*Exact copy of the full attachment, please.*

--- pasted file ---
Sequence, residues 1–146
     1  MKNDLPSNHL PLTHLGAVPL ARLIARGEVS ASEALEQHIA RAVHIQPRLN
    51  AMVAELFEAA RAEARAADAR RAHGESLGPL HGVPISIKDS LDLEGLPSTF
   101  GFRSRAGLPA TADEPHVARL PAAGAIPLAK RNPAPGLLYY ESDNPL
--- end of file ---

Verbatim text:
Sequence, residues 1–146
     1  MKNDLPSNHL PLTHLGAVPL ARLIARGEVS ASEALEQHIA RAVHIQPRLN
    51  AMVAELFEAA RAEARAADAR RAHGESLGPL HGVPISIKDS LDLEGLPSTF
   101  GFRSRAGLPA TADEPHVARL PAAGAIPLAK RNPAPGLLYY ESDNPL